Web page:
Texas lawmakers recently opposed power-purchasing agreements that Bitcoin miners have struck with the Energy Reliability Council of Texas (ERCOT), arguing it exploits an aging system. Under the agreement, ERCOT pays miners for agreeing to switch off ASICs during periods of increased demand.
For example, between midnight and 16:00. on June 23, 2023, Riot earned over $42,000 for just agreeing to turn off its equipment. In 2023, the company saved $27 million by switching off 99% of ASICs and a further $18 million by halting mining and selling electricity to other consumers.
These revenues, coupled with $150 million-plus in Bitcoin earnings year-to-date, suggest Riot would survive the dual challenge of high Bitcoin difficulty and a low Bitcoin price. CleanSpark, which earned 6,904 Bitcoin in the fiscal year ending Sept. 30, is similarly well-capitalized.
By comparison, New York’s stricter approach to energy usage has made power-purchasing agreements less attractive. Greenidge Generation Holdings, a miner that uses natural gas to power Bitcoin mining, amended plans to expand in multiple regions after the passage of a moratorium banned the renewal of permits to convert fossil-fuel plants to Bitcoin mining facilities.
Kazakhstan, once a haven for cheap electricity following China’s mining ban, recently prohibited miners from using grid power that was not surplus. Miners’ peak consumption increased to more than 7% of the national demand, moving the grid from surplus into deficit and sparking mass protests.
2. Top 10 Bitcoin Mining Countries & Their Renewable Electricity Mix
Bitcoin miners use an estimated 348 terawatt hours of electricity per year, and with the world increasingly moving to renewables, some are asking the question: just where does Bitcoin get its electricity?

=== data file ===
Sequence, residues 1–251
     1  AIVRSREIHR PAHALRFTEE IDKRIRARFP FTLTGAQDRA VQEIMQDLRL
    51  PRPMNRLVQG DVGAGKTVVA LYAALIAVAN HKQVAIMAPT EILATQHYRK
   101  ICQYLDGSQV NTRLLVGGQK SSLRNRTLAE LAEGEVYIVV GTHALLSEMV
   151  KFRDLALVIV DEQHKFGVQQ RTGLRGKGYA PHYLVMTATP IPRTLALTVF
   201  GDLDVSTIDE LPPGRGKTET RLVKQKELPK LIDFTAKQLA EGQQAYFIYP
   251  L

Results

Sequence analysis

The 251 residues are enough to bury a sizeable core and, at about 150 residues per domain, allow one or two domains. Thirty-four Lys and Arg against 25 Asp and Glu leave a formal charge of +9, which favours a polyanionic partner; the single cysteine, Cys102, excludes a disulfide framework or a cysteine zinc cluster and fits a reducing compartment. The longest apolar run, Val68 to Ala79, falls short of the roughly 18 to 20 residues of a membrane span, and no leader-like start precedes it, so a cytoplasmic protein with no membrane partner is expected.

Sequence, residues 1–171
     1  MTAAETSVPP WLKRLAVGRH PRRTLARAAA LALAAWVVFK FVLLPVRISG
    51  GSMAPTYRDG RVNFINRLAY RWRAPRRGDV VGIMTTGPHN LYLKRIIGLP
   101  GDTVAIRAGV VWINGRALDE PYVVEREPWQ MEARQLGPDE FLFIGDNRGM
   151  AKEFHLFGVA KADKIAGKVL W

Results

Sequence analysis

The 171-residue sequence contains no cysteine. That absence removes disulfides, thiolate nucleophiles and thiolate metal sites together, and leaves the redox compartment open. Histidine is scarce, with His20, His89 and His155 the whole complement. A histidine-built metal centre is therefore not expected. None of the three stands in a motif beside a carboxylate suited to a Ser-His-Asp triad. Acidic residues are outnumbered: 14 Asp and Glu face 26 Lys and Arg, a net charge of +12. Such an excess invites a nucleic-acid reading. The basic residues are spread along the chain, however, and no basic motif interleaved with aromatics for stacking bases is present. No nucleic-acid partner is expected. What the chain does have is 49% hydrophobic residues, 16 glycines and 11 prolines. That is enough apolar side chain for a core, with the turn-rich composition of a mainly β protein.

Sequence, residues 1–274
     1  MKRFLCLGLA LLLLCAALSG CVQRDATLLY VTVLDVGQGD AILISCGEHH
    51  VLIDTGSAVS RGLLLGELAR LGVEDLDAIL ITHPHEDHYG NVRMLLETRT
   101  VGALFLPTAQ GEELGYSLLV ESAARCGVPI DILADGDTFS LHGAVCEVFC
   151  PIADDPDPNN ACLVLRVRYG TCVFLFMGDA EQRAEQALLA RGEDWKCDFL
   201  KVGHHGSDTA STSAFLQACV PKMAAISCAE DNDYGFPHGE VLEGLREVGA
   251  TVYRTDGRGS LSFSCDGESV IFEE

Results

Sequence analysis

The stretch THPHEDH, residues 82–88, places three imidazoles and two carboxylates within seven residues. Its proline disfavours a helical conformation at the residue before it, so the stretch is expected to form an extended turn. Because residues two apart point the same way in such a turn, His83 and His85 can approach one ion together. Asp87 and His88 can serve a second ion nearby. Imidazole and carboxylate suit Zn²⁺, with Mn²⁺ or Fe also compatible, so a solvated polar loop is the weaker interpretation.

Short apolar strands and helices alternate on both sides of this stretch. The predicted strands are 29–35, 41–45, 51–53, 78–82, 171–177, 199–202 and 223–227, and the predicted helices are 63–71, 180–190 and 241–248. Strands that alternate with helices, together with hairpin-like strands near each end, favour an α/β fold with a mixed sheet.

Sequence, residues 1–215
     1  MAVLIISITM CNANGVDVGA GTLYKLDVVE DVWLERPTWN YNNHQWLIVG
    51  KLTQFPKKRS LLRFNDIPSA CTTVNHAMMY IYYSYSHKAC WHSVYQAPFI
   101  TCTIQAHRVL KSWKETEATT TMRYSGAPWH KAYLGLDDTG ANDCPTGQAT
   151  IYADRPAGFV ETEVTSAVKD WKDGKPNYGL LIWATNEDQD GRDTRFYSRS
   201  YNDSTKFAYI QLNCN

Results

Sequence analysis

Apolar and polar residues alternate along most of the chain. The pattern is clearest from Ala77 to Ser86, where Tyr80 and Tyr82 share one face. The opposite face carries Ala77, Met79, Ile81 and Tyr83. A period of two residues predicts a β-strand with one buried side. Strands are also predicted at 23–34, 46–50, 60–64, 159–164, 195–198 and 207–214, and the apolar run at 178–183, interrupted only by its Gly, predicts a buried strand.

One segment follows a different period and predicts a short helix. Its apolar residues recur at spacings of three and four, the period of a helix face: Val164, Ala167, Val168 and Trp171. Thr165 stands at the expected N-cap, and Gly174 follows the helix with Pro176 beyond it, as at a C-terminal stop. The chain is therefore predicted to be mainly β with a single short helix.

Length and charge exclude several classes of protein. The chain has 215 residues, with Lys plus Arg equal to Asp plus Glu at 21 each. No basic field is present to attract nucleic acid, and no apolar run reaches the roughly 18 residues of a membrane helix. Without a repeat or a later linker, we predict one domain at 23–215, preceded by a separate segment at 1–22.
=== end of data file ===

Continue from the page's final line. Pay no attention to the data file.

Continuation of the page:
To answer that question, we partnered with HIVE Digital to visualize data from the Cambridge Centre for Alternative Finance and Ember, a climate-oriented energy think tank, to look at the Bitcoin network’s electricity mix.
This is part one in our How Green is Bitcoin? series, which examines the cryptocurrency’s sustainability.
The World According to Bitcoin
The top 10 countries for Bitcoin mining represent 93.8% of the entire network by hashrate—a measure of computational power—with the U.S., China, and Kazakhstan rounding out the top three. Together these three countries hosted nearly three-quarters of the network at the end of 2021.
China used to be the top spot for Bitcoin mining, up to 75% of global capacity, but a crackdown in the summer of 2021 saw their share drop to nil in just a couple months. Many miners relocated to nearby Kazakhstan, attracted by cheap electricity, loose regulations, and a ‘stable’ political climate, while others opted for the United States. A sizable covert mining scene has also emerged in China, now that the dust has settled.
At the bottom of the top 10 are Ireland, Singapore, and Thailand, which together host 4.9% of the network. Ireland’s reported share—and this applies to sixth-place Germany, as well—is thought to be a significant overstatement caused by miners in other countries masking their true locations.
The Role of Renewables
On a national basis, the U.S., China, and Kazakhstan each had renewable shares of 22.5%, 30.2%, and 11.3% respectively. For context, renewables made up 30% of the world’s electricity generation in 2022 (not including nuclear).